a criticism of the false mentality of glory in a war.
his black boots stamp the wood of a train car
only to be stained with the brown of mud.
he slips on his khakis; their green and muted yellow colours brilliant against him
even more as they become crimson stained by the ally and the enemy.
he takes his gun, a rifle, and feels along the wood and metal in admiration
only to then throw it upon the ground, wanting redemption of sin.
he looks at their faces, smiling, laughing with banter and drink
only for them to be cold and bug-eyed, staring at nothing and himself.
his nails are clean, his hair combed, his face fresh for the front
only for his nails to fill with grime, his hair to wear a coat of grease, his face to be coated in dirt.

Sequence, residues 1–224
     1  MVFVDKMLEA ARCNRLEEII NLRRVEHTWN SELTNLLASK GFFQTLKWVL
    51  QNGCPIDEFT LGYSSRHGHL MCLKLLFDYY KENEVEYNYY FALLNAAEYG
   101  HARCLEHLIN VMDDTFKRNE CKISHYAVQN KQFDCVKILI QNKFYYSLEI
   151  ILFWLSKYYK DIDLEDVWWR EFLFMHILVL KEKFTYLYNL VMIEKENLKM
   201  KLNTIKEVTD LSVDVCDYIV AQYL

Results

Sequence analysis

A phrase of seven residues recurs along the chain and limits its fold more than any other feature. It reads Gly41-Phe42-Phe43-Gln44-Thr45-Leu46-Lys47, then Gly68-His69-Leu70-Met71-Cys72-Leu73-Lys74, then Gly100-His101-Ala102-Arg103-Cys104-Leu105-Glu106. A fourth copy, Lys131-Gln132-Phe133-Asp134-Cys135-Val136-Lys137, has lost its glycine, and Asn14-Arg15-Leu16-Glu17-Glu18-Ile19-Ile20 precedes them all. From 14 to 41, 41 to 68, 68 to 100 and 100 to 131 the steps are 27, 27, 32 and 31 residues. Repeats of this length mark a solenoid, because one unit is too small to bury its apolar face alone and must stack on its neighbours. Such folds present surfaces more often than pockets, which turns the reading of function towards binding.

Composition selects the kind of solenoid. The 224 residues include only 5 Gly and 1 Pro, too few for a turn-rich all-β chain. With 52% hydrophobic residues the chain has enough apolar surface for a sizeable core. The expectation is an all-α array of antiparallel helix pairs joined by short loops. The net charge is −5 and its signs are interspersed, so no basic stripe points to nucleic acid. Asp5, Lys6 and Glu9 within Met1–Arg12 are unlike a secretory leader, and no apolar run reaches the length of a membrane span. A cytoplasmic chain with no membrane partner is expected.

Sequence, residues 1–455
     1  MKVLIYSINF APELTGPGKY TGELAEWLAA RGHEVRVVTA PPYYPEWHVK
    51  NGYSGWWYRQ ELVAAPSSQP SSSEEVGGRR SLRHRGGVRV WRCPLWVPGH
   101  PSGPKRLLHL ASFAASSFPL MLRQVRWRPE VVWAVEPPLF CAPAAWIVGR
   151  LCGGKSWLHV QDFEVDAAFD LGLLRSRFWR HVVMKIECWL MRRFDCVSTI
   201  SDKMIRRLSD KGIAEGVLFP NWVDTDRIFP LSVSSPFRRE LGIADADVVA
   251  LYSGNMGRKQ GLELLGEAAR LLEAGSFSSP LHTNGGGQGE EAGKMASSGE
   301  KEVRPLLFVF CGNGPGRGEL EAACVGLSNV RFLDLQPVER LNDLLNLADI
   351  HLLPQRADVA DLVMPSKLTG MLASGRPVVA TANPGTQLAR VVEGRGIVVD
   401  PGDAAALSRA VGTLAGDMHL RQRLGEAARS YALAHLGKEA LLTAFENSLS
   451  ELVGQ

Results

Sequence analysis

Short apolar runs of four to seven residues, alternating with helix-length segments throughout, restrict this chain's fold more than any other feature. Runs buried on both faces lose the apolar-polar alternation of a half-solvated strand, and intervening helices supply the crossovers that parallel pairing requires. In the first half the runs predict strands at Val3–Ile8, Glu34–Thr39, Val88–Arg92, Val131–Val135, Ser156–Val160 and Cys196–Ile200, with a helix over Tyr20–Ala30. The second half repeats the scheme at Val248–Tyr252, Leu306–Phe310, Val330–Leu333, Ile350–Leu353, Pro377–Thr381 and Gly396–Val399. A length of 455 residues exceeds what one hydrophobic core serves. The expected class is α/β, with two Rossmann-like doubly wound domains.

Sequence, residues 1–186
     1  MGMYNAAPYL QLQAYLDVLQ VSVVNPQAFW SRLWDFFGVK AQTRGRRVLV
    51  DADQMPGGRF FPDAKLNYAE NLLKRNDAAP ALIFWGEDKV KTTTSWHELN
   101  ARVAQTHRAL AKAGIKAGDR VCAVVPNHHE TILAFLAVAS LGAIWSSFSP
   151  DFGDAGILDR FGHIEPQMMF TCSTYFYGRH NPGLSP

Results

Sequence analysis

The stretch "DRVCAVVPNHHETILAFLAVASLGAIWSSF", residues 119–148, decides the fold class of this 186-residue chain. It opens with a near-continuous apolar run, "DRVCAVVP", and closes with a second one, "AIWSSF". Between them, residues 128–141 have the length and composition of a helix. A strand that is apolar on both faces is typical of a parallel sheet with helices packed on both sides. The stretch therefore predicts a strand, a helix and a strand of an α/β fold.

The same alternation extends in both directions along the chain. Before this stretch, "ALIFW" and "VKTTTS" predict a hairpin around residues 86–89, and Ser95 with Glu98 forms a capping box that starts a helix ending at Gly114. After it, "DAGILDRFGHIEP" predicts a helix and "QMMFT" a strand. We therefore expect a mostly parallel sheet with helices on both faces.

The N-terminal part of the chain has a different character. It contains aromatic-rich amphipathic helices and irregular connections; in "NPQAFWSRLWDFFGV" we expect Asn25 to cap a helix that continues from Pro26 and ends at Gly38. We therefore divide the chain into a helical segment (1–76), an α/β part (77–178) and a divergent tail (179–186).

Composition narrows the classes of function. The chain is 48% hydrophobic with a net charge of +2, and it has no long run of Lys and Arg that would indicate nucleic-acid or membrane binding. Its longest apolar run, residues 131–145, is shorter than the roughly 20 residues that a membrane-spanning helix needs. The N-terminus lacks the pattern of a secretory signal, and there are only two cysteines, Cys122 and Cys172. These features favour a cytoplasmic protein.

he kisses his cross, and draws it upon his body and soul
only to wonder if it means anything at all.
he expected to be home by the time of giving, with glory and a medal to his name
but all he came home with were unforeseen scars and a shell of himself.
he expected heroism, and desired glory
but he forgot something crucial, a truth unspoken.
in the mud of the trench, and the stink of war's day
in war there is death, and in death is no glory.